• Sometimes you can knock a few bucks off of the asking price by pointing out the flaws of what you are buying (if a system is missing its hookups, for example). Although this is often a useful technique, some sellers may take offense to you pointing out flaws in their items. Use at your own discretion.

  • Always haggle, and always give an offer (the worst they can say is "no" ).

  • Always have the money to pay for your stuff with you. If you say "I'll come back and pay later", you could lose the sale!

  • Multiple item purchases tend to yield bigger discounts. Rather than paying per item, get everything together that you want to buy and make an offer on everything.
When You Get Home
  • Make sure to wash your hands.

  • Test and clean your items.
  • If you find yourself with a few dirty systems or cartridges, pick up a box of Mr. Clean Magic Erasers. They are cheap, effective, quick, leave no residue, and don't damage what you are cleaning. They will take off dirt, grime, marker, sticker glue, pretty much anything you can think of. You owe it to yourself to give these a try, you will be impressed.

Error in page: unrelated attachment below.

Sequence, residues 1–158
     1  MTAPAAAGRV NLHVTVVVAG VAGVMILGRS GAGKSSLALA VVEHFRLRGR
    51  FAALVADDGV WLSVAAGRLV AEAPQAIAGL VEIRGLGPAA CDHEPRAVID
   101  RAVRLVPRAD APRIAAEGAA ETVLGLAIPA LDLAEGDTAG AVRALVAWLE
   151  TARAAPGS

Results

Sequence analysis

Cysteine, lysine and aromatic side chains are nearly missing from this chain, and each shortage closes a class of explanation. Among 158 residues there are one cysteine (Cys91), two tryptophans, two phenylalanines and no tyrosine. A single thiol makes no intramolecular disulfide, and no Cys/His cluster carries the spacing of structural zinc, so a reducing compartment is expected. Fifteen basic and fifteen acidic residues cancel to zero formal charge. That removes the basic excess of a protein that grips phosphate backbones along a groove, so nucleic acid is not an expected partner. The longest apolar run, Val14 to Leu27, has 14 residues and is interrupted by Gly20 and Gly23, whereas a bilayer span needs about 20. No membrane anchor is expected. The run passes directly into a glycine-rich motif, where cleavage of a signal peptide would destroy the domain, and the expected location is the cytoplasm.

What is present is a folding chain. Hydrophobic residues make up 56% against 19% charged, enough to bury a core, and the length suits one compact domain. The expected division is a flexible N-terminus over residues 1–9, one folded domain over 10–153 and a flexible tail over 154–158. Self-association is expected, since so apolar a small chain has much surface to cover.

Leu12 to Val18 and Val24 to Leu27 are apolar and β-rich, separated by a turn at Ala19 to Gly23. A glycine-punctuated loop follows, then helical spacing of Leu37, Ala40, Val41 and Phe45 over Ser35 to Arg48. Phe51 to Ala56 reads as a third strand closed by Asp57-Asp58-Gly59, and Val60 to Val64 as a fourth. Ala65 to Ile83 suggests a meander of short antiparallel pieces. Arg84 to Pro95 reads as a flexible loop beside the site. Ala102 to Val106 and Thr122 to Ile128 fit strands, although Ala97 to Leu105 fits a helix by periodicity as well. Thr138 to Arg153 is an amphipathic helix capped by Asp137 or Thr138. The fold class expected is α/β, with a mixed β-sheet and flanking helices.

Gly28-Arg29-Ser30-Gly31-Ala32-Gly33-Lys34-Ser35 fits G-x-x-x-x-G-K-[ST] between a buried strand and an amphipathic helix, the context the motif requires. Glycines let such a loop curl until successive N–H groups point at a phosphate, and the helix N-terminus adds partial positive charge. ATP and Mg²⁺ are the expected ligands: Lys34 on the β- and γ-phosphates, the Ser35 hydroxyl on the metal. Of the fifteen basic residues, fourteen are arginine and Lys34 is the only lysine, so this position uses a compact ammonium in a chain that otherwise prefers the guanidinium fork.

• For that tough glue and goo, try using Goo Gone. Paper towels and Q-tips work great as applicators.

  • Toothbrushes are great for cleaning out the vents on Nintendo and Sega Genesis consoles. Pick yourself up hard and soft bristle toothbrushes.

  • More often than not, your catridges' connectors will need to be cleaned before use. The best tool for the job is a Q-tip dipped in isopropyl alcohol. Move it from side-to-side, then use a dry Q-tip to dry the connectors. Do not play the game until it is dry.
Not Satisfied?
  • Always go to sales the weekend after the previous weekend was rained out. The sales planned for the previous weekend are often cancelled and rescheduled for the following weekend. This means potentially double the sales and double the chances you'll score some great stuff.

  • Remember: the deals are out there and more often then not you need to be patient. You may not score anything one week but score multiple items the next.

  • Never give up. Most of the time you will find absolutely nothing at 38 out of 40 sales, and then some really good stuff at 2. You never know what you'll find or when you'll find it. It is 100% random with no rhyme or reason.

  • Don't forget to check your local pawn/thrift shops, flea markets, Goodwill/Salvation Army, and Craigslist. Join your local Freecycle group. These are also great venues to find videogames!
Thanks to all who contributed to this guide.